The commoner. (Lincoln, Neb.) 1901-1923, December 01, 1921, Image 1

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The Commoner
. i
' ,
VOL 21, NO. 12
Lincoln, Nebraska, December, 1921
Democrats Share
the Glory ).
In another editorial reference is made to, the
fact that the progress now being made toward
disarmament was impossible two years ago.
Democrats can make this explanation when Re
publicans claim entire credit for what is being
done at the Arms Conference. So far as record
shows the Democrats have favored every peace
movement more than the Republicans. It was
the Republican leaders who two years ago at
tempted to fasten universal compulsory training
upon the country. They were defeated by the
Democrats in Senate and House, who, as in the
case of the 'Revenue bill, secured enough Re
publicans to save the. country from an annual
expense estimated at seven hundred million dol
lars. It was less than two years ago that Sena
tor Wadsworth of New York reported such a
bill and the friends of the measure did not conj
fess final, defeat; they simply postponed the
question until after. ,thQ election. . ,
It. wasthe practically solid Democratic opposi-.,
tion that, secured enough Republicans In Senate
and House to reduce the army and navy ap
propriations last year both were reduced be
low what the war. and navy departments asked.
A practically solid Democratic support of the
Borah resolution in both Senate and House
made it possible to secure its passage enough
Republicans joined the Democrats to sdef eat the
army and navy influence that tried to block its
passage. The vote for the resolution stood 74-0
in the Senate and 303-4 in the House but that
was only after the opposition recognized- its
The Democrats ought not to attempt to deny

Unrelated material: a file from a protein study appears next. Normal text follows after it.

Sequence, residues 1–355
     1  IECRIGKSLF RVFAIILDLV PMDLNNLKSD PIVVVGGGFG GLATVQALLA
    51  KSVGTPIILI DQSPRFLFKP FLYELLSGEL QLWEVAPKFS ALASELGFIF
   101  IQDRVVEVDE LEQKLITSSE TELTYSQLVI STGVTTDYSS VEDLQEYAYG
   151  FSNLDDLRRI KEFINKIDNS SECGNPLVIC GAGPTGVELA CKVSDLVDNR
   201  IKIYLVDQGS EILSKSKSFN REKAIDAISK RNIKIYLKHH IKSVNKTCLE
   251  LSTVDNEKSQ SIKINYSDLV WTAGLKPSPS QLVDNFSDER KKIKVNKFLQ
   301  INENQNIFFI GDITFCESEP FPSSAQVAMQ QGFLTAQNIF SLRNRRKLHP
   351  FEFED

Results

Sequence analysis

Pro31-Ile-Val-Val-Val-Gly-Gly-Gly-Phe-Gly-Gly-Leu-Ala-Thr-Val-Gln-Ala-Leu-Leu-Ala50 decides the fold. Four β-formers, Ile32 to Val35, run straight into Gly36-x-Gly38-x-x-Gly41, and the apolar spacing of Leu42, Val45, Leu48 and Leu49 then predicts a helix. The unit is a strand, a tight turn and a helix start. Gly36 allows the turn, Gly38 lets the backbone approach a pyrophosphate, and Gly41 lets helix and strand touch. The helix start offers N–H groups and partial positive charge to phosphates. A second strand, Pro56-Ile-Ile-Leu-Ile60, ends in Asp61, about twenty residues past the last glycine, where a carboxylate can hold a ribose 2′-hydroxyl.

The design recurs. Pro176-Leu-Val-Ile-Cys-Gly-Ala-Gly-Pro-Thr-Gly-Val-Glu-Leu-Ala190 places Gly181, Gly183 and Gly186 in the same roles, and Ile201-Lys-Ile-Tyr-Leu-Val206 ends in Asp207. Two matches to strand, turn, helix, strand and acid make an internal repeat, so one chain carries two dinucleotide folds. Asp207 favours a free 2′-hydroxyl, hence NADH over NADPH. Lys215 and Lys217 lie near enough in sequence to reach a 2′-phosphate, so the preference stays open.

the administration the credit for what it has
done but the Democrats have a right to insist
upon an equal share in' whatever glory the con
ference may bring to the nation. The Paris con
ference did all-that could be done at that time;
it was impossible to do then as much as can be
done now in the direction of disarmament. The
Democrats liave been in advance of Republicans
in the effort to reduce the burdens o war. It
will be popular now to applaud every step to
ward progressive disarmament but if the Repub
licans attempt to claim, an unfair share of the
honor it will be easy to confuse them by recall
ing their clamorous demands for bigger ships
and biggor armies. Let's call it even and for
getting the past, join together in urging the
largest possible progress toward disarmament
n land and sea. When armies are reduced to
Police force size and the burdens of navalism
and militarism disappear , there will be joy
enough to satisfy all" and credit enough to ,go
all the way around. W. J. JBRYAN.
Whol4 Number 752
The Commoner
wishes a
Merry Christmas
ancl a
to Everyone, Every
where, and For
' .
is just beginning .to his sentence. Some
tile men , in N; Y.j 'were .found-, guilty of con
spiracy under he 'anti-trust IaW and received a
prison sentence instead of a fine. It has been
customary to FINE violators of the anti-trust
law a penalty entirely Inadequate because a
fine never approaches the amount that the cor
poration had made by violating the law. IJ;
marks a long step in advance when the penalty
is fastened on the individual in the form of a
prison sentence instead of being spread oyer the
earnings of a corporation. i "
The world moves. It used, to be regarded as
quite demagogic for anyone to advocate " the
sending .of such respectable criminals to the
penitentiary or to jail. It will add to the respect
for law to abandon the discrimination that has
so long been made between small crimes and
great 'crimes. Petty larceny is always punished,
grand larceny often punished; but glorious lar
ceny has usually escaped. The country is to be
congratulated if these prison sentences indicate
a new era in the administration of justice.